Triple Bottom Line approach
In traditional business accounting and common usage, the “bottom line” refers to either the “profit” or “loss”, which is usually recorded at the very bottom line on a statement of revenue and expenses. The triple bottom line adds two more “bottom lines”: social and environmental (ecological) concerns. Hence, Triple bottom line (TBL) accounting expands the traditional reporting framework to take into account social and environmental performance in addition to financial performance.
Background of TBL
In 1981, Freer Spreckley first articulated the triple bottom line in a publication called ‘Social Audit – A Management Tool for Co-operative Working’. In this work, he argued that enterprises should measure and report on financial performance, social wealth creation, and environmental responsibility.
In 1994, John Elkington—the famed British management consultant and sustainability guru—coined the phrase “triple bottom line” as his way of measuring performance in corporate America. The phrase was articulated elaborately in his 1997 book Cannibals with Forks: the Triple Bottom Line of 21st Century Business’(1).
A Triple Bottom Line Investing group advocating and publicizing these principles was founded in 1998 by Robert J. Rubinstein (2).
Interpretations of the Three Bottom Lines (TBL or 3BL)
The triple bottom line consists of social equity, economic, and environmental factors.
The phrase, “people, planet, and profit” to describe the triple bottom line and the goal of sustainability, was coined by John Elkington in 1994 and was later used as the title of the Anglo-Dutch oil company Shell’s first sustainability report in 1997.
People, the social equity bottom line
The people, social equity, or human capital bottom line pertains to fair and beneficial business practices toward labour and the community and region in which a corporation conducts its business. It measures how socially responsible an organization has been throughout its operations.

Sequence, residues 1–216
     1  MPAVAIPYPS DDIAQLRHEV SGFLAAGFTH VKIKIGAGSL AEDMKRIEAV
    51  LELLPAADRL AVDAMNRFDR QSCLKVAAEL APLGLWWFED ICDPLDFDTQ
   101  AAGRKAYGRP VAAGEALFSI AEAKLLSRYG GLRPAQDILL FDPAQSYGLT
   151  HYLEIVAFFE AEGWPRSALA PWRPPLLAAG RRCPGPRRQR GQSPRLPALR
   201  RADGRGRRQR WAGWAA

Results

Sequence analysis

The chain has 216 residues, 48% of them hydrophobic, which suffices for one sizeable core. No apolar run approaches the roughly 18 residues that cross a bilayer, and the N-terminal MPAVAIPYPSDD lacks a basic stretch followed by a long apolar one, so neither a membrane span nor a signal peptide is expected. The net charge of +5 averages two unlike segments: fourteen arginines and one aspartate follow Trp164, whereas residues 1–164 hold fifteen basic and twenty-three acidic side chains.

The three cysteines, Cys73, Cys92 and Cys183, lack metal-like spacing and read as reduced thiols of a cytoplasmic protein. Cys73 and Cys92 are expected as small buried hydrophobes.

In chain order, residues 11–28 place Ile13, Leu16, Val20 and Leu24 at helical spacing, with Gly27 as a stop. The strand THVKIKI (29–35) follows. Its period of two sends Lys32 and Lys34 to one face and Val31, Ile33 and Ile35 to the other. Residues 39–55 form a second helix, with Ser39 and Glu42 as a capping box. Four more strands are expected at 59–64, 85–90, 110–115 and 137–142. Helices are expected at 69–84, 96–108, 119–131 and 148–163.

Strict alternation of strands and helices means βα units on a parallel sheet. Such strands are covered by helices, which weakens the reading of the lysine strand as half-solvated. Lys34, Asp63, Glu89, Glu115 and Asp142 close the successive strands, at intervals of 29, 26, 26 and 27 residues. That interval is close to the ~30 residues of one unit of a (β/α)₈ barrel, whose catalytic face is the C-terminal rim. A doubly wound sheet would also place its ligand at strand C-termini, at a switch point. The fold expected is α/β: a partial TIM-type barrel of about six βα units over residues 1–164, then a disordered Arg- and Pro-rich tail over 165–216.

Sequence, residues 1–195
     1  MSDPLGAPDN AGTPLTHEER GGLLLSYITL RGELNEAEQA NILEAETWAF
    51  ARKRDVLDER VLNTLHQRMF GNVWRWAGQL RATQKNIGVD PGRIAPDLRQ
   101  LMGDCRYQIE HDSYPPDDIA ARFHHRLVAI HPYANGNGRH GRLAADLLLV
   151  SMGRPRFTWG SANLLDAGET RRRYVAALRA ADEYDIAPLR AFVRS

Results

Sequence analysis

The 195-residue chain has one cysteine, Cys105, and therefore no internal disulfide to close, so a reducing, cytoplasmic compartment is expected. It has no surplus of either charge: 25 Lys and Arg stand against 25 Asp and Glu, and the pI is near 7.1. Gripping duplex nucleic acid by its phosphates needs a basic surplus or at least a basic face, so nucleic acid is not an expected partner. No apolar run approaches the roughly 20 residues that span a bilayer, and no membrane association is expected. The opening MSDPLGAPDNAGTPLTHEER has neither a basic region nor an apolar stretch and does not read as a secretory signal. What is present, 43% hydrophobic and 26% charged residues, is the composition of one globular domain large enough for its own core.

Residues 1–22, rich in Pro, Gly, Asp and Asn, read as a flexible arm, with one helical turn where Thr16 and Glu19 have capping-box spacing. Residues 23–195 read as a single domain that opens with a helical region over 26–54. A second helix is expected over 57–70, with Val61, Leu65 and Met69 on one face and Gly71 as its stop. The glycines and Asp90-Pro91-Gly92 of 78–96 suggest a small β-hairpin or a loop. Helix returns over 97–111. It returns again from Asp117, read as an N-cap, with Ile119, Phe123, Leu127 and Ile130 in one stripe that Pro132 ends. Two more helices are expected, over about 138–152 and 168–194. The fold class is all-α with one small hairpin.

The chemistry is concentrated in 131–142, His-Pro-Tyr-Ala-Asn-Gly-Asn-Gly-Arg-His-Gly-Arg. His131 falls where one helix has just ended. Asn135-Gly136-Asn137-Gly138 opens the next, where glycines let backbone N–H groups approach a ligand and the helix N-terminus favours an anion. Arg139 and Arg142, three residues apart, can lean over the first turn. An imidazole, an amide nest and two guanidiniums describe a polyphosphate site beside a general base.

Profit, the economic bottom line
The profit or economic bottom line deals with the economic value created by the organization after deducting the cost of all inputs, including the cost of the capital tied up.
Planet, the environmental bottom line
The planet, environmental bottom line, or natural capital bottom line refers to sustainable environmental practices. It measures how environmentally responsible a firm has been.
The three pillars have served as a common ground for numerous sustainability standards and certification systems in recent years. Standards which today explicitly refer to the triple bottom line include Rainforest Alliance, Fairtrade and UTZ Certified.
Alternatives to TBL
Integrated Bottom Line
While TBL inspires companies to take into consideration people, profit and planet simultaneously, Integrated Bottom Line (IBL) takes the concept a step further and encourages companies to integrate their financial, economic and social performance reporting into one integrated balance sheet.
Quadruple Bottom Line
The TBL has also been extended to encompass four pillars, known as the quadruple bottom line (QBL). The fourth pillar denotes a future-oriented approach (future generations, intergenerational equity, etc.)
Constraints to Triple Bottom Line Approach
A key challenge of the TBL, is the difficulty of measuring the social and environmental bottom lines. Profitability is inherently quantitative, so it is easy to measure. However, it not easy to quantify and measure social and economic bottom lines.